Pinter, Old Times [1970] (1013-1042)

In Class Activity: From Modern to Postmodern Drama

R, 3-4

Pinter, concluded

Braunmuller, "A World of Word's in Pinter's Old Times" (online)

Week 9
T, 3-9

Shepard, Buried Child [1978] (1097-1150)

In Class Activity: Contemporary Realism

R, 3-11

Shepard, concluded

Baudrillard, "Simulacra and Simulations" (online)

Westgate, "Negotiating the American West in Sam Shepard's Family Plays" (online)

Recommended: Ade, A Question of Taste (Max Noah Recital Hall, Friday-Saturday, 3-12/13)

Week 10
T, 3-16

Mamet, Glengarry Glen Ross [1983] (1253-92)

Mamet, "Realism" (online)

In Class Activity: Influences and Ideas

Recommended Screening of Glengarry Glen Ross (5:30-7:15PM, A&S 368)

R, 3-18

Mamet, concluded

Lublin, "Differing Dramatic Dynamics in the Stage and Screen Versions of
Glengarry Glen Ross" (online)

Week 11
T, 3-23

No Class: Spring Break

R, 3-25

No Class: Spring Break

Week 12
T, 3-30

Hwang, M. Butterfly [1988] (1407-58)

Recommended: Ensler, The Vagina Monologues (Max Noah Recital Hall, Tuesday-Thursday, 3/30-4/1)

R, 4-1

Hwang, concluded

Recommended Screening of M. Butterfly (5:30-7:15PM, A&S 366)

Week 13
T, 4-6

In Class Screening of Angels in America, Part I: Millennium Approaches

R, 4-8

In Class Screening of Angels in America, Part I: Millennium Approaches, continued

Recommended Screening of Angels in America, Part II: Perestroika (5:30-8:30PM, A&S 366)

Week 14
T, 4-13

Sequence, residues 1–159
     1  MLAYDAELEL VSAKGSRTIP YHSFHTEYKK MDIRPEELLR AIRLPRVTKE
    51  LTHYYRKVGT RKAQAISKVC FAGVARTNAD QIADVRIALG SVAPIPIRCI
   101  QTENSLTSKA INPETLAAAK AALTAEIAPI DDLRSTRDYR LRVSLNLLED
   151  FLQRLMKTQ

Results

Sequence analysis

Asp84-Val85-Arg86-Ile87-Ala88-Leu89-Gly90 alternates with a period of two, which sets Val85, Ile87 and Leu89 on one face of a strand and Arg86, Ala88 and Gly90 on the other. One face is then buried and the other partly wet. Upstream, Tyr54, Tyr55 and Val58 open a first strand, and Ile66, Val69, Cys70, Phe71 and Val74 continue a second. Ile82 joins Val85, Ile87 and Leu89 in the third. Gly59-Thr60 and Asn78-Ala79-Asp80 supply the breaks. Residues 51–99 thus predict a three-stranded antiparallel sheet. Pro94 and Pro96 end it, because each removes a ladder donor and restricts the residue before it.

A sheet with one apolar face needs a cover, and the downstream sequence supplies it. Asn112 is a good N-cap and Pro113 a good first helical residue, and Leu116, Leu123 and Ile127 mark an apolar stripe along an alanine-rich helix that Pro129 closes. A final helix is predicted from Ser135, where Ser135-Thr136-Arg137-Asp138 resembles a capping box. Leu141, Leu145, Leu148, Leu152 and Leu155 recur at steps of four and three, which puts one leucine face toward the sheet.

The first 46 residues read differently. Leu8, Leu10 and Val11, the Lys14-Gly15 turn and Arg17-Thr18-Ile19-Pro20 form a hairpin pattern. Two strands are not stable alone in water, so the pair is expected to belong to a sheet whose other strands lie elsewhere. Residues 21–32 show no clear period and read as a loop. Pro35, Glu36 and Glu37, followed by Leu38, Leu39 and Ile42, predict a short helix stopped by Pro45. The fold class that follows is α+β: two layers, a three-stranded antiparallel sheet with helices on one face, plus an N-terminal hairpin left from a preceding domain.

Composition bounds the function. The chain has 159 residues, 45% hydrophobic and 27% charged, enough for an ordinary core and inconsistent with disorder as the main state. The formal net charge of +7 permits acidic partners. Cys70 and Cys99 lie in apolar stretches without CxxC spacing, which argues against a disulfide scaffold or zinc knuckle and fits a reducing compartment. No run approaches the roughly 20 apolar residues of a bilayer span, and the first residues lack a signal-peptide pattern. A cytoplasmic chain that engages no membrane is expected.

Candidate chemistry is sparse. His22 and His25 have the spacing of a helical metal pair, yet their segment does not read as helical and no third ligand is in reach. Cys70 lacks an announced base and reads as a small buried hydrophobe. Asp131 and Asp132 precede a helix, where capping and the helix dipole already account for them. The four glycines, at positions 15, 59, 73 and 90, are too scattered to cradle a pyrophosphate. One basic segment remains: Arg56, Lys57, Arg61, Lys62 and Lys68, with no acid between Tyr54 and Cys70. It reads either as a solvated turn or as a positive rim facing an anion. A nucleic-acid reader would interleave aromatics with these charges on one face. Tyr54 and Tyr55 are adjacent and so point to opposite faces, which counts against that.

Kushner, Angels in America, Part I: Millennium Approaches [1991] (1459-1528)

Nutu, "Angels in America and Semiotic Cocktails of Sex, Bible and Politics" (online)

Undergraduate: Last Day to Submit Close Reading or Film Adaptation Paper

Graduate: Book Review Due

Graduate: Book Reviews from Textual Practice

Recommended: McDonagh, The Beauty Queen of Leenane (Russell Auditorium, Wednesday-Thursday, 4-14/15)

R, 4-15

Parks, The America Play [1994] (1529-62)

Recommended: The 24 Hour Plays (Max Noah Recital Hall, Saturday, 4-17)

Week 15
T, 4-20

No Class: Work on Annotated Bibliography

Undergraduate: Annotated Bibliography Due

Graduate: Annotated Bibliography Due

R, 4-22

Albee, The Goat [2002] (1563-1604)

Week 16
T, 4-27

Churchill, A Number [2002] (1605-28)

Undergraduate: Research Paper Due

Graduate: Abstract Due

***Bring your laptops to complete course evaluations

R, 4-29

Churchill, concluded

R, 5-6

Undergraduate: Take-Home Final Exam Due by 2:00PM

Graduate: Research Paper Due by 2:00PM